Why you should space and interleave your learning….
It may seem very tempting to leave all your revision to the last minute and just cram it in. But this isn’t the best way to get the most out of your brain.
For about a hundred years psychologists have known that spacing out learning in smaller chunks is better for long-term retention (Edwards, 1917; Gordon, 1925). What do we mean by spacing out learning? Say you have 7 hours spare to revise for a test. You could either spend 7 hours the day before cramming or you could space out your revision to half an hour a day for 2 weeks. In both cases, you would have spent just 7 hours revising. But in the spaced-out case, there is consistent evidence from the psychological literature that spaced learning helps with long-term retention (as confirmed by a recent review: Carpenter, Cepeda, Rohrer, Kang, & Pashler, 2012).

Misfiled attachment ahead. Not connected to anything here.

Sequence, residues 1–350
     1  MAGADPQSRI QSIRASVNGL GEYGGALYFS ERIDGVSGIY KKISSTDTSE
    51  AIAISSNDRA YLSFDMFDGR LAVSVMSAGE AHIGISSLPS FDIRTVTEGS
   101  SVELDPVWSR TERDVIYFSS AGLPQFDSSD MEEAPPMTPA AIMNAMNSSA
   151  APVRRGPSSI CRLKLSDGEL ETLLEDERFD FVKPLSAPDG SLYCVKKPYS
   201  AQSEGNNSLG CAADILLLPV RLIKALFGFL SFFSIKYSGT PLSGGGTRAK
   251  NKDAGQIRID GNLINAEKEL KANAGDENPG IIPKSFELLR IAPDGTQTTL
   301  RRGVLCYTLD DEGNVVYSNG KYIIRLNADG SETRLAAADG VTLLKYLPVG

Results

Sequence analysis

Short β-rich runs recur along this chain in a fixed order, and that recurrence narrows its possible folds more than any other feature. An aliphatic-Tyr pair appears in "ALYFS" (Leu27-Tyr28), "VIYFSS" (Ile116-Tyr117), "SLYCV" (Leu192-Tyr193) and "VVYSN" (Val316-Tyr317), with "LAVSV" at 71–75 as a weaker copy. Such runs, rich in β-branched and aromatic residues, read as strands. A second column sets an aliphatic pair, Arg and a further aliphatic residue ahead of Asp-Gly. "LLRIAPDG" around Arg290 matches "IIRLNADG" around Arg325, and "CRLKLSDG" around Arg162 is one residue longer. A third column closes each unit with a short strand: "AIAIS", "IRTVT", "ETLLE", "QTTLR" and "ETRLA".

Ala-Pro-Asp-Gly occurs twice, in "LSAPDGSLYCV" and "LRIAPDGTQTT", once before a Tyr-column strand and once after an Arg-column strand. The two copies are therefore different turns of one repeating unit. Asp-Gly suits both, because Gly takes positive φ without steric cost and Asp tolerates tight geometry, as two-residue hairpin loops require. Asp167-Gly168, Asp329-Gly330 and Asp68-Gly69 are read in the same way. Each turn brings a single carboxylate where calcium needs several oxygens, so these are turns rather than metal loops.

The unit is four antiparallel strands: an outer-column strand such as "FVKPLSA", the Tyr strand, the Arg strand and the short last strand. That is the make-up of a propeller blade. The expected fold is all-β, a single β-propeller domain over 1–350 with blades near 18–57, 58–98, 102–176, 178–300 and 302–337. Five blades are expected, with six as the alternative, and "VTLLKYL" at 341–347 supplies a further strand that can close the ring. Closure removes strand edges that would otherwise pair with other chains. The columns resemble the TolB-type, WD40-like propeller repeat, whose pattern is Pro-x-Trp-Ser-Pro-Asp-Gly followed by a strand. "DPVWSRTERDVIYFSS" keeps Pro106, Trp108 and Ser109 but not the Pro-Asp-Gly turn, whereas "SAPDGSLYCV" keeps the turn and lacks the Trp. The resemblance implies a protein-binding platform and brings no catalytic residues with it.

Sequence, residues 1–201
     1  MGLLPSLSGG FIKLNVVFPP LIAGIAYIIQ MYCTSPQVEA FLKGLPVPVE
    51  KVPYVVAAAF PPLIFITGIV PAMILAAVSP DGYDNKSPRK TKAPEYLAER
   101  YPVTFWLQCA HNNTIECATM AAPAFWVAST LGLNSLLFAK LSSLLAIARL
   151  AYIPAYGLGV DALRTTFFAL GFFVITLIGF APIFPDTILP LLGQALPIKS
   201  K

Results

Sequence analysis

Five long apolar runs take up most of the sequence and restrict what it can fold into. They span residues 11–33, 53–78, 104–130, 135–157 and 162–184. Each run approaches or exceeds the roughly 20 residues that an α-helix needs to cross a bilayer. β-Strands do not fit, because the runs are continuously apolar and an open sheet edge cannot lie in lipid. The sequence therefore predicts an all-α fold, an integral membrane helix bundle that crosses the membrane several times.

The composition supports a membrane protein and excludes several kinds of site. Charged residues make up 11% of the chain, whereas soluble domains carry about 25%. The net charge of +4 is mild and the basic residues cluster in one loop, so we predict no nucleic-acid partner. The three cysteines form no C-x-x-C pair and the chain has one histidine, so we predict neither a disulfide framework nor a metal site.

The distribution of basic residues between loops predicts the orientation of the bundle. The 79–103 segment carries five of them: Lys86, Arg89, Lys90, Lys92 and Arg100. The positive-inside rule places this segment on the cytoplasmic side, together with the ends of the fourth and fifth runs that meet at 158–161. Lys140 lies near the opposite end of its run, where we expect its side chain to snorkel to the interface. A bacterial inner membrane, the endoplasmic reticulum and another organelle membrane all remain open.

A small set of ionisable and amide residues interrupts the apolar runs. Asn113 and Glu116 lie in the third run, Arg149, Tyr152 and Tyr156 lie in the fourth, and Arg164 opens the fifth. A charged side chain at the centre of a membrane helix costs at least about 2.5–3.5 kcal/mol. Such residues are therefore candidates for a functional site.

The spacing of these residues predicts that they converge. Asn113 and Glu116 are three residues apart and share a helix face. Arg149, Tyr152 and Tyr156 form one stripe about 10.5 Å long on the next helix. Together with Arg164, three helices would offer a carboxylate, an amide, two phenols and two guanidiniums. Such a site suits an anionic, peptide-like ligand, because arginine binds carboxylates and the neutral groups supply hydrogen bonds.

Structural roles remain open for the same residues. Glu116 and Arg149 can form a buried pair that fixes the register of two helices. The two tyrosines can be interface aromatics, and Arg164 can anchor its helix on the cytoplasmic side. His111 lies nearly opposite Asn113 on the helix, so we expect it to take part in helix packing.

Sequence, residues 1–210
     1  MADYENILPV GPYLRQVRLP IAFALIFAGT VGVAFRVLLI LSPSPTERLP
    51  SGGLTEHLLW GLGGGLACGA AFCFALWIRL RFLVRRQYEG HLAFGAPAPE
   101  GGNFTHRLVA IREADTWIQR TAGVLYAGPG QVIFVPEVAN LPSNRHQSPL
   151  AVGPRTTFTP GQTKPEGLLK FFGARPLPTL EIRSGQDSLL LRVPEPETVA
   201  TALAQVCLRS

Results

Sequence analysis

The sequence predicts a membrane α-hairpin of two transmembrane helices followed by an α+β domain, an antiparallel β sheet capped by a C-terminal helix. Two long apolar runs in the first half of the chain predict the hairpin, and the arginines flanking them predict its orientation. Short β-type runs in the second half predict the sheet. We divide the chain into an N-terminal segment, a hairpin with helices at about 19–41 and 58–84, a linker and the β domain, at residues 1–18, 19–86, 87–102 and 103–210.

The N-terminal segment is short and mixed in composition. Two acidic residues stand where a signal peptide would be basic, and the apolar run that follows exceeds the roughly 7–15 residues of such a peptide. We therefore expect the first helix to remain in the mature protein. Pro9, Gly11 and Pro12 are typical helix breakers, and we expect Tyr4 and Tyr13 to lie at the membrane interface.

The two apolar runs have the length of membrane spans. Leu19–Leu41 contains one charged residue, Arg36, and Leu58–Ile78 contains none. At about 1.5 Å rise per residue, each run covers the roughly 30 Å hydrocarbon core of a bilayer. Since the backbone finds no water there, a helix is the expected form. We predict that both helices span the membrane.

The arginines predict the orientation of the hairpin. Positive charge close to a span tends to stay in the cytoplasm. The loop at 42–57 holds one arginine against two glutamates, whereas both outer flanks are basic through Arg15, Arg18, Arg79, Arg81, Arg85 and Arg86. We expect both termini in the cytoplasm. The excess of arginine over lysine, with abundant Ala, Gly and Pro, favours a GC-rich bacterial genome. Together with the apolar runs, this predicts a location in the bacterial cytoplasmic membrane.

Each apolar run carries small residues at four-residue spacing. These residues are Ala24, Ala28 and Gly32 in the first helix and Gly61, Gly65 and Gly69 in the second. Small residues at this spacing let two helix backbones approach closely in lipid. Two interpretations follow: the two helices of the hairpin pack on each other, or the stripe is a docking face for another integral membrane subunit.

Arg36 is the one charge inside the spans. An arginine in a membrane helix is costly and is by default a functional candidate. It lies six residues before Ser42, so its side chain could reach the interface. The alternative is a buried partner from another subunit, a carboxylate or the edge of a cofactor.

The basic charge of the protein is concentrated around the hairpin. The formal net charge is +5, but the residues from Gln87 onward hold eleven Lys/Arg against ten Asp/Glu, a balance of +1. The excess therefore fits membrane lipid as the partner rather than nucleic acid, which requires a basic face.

Why might this be? It may help with the survival of your neurons or connections between your neurons in the memory area of your brain – they are used over a longer period of time so that knowledge is worth keeping as you clearly need to know it regularly (Sisti, Glass, & Shors, (2007)). Your brain has developed to be efficient – if something isn’t relevant you tend to forget it fairly quickly.